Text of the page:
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Monday, March 19, 2018, 15:18
Turnbull meets Suu Kyi to raise human rights concerns
By Agencies
Monday, March 19, 2018, 15:18 By Agencies

Myanmar's State Counsellor Aung San Suu Kyi (left) shakes hands with Australian Prime Minister Malcolm Turnbull in Parliament House, Canberra, on March 19, 2018. (MARK GRAHAM / AFP)

CANBERRA — Myanmar leader Aung San Suu Kyi was feted in Australia on Monday with a military honor guard and 19-gun salute, as part of a state visit that has provoked protests over her response to her country's violent campaign against Rohingya Muslims.

Suu Kyi arrived in Sydney over the weekend for a summit of Southeast Asian leaders and her state visit officially began on Monday as she was welcomed to the Parliament House in Canberra. Her visit comes as she faces international criticism over what has become Asia's worst refugee crisis in decades.

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Australian Prime Minister Malcolm Turnbull said on Sunday that Suu Kyi spoke at length about her country's troubled western state of Rakhine, and sought humanitarian help from her fellow members of ASEAN and Australia to deal with the crisis.

Daw Aung San Suu Kyi addressed the matter comprehensively at some considerable length herself... She seeks support from ASEAN and other nations to provide help 

Malcolm Turnbull, Australian's Prime Minister, on Aung San Suu Kyi's address at the ASEAN-Australia summit on the situation in Rakhine state

"Daw Aung San Suu Kyi addressed the matter comprehensively at some considerable length herself... She seeks support from ASEAN and other nations to provide help from a humanitarian and capacity-building point of view," Prime Minister Malcolm Turnbull told reporters at the end of a summit, using a Burmese honorific. 

Suu Kyi's spokesman, Zaw Htay, was not immediately available for comment on Turnbull's comments. 

Turnbull did not tell reporters whether Suu Kyi gave details of what support she was seeking or whether she spoke specifically about violence against the Rohingya, however ASEAN's Coordinating Centre for Humanitarian Assistance has been providing some aid since October.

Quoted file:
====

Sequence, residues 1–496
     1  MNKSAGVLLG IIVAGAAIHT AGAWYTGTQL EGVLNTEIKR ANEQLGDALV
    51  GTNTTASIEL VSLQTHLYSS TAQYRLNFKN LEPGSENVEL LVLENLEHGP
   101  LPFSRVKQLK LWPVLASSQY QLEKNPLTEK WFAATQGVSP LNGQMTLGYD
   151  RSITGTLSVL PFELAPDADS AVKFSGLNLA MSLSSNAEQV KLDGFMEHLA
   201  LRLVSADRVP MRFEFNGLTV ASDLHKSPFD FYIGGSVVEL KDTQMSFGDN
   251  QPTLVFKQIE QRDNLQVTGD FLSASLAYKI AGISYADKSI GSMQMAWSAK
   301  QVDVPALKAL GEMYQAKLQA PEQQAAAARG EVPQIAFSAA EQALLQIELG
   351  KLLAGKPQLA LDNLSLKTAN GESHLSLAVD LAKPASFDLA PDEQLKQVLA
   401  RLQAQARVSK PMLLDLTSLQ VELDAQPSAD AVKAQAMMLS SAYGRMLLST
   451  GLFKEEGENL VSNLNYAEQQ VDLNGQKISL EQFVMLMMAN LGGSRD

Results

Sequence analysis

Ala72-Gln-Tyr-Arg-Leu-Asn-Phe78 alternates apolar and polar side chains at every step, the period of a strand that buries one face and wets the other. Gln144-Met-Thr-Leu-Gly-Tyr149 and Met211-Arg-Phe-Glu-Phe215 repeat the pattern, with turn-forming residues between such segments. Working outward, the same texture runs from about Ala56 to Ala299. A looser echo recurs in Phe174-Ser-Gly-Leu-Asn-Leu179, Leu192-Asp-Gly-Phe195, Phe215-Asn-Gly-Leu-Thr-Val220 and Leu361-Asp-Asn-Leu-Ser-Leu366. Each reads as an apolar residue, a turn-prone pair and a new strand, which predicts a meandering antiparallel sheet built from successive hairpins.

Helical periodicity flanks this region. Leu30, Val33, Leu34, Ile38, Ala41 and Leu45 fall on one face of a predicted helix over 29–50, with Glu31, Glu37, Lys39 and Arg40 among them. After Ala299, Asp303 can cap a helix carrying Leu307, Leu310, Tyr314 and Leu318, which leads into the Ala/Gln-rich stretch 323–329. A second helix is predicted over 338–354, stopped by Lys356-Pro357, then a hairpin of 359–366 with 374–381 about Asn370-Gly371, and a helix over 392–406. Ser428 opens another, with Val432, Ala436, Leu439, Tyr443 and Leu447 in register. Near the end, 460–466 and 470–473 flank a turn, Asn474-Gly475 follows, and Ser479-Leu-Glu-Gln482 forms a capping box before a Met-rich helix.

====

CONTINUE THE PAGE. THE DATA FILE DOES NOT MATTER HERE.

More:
UN officials say nearly 700,000 Muslim Rohingya have fled Buddhist-majority Myanmar to Bangladesh after militant attacks on Aug 25 last year sparked a crackdown led by security forces in Rakhine that the United Nations and United States have said constitutes ethnic cleansing. 

The UN independent investigator on human rights in Myanmar, Yanghee Lee, said in Geneva this month she saw growing evidence to suspect genocide had been committed. 

Myanmar denies the charges and has asked for "clear evidence" of abuses by security forces. 

Since coming to power in 2016, Suu Kyi - who won the 1991 Nobel Peace Prize for her struggle for democracy - has failed to condemn the violence against the Rohingya. 

Australia's Attorney-General on Saturday rejected a private bid by activist lawyers to have Suu Kyi face charges for crimes against humanity, saying she has diplomatic immunity. 

Unlike the United Nations, United States and Britain, Australia has not accused Myanmar of "ethnic cleansing" or "crimes against humanity."But Australia did support a United Nations resolution in December condemning the "very likely commission of crimes against humanity" by Myanmar security forces against Rohingya.

Human rights groups have criticized Australia for maintaining its limited military engagement with Myanmar. Australia provides English-language lessons and training courses to Myanmar officers to "promote professionalism and adherence to international laws," according to the defense department.

But Australia maintains a long-standing arms embargo with Myanmar.

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Singaporean Prime Minister Lee Hsien Loong said it was a "complex inter-communal situation" which ASEAN leaders would continue to discuss "frankly". 

"It's an issue which is also in the public attention and it's one of those where intense public attention sometimes makes it more difficult to solve," he added. 

Suu Kyi had been scheduled to give a speech and answer questions at a foreign policy think-tank event in Sydney on Tuesday but cancelled because she was not feeling well, event organisers said, without giving more details. 

Suu Kyi's spokesman Zaw Htay declined comment and referred questions to the Myanmar embassy in Canberra. 

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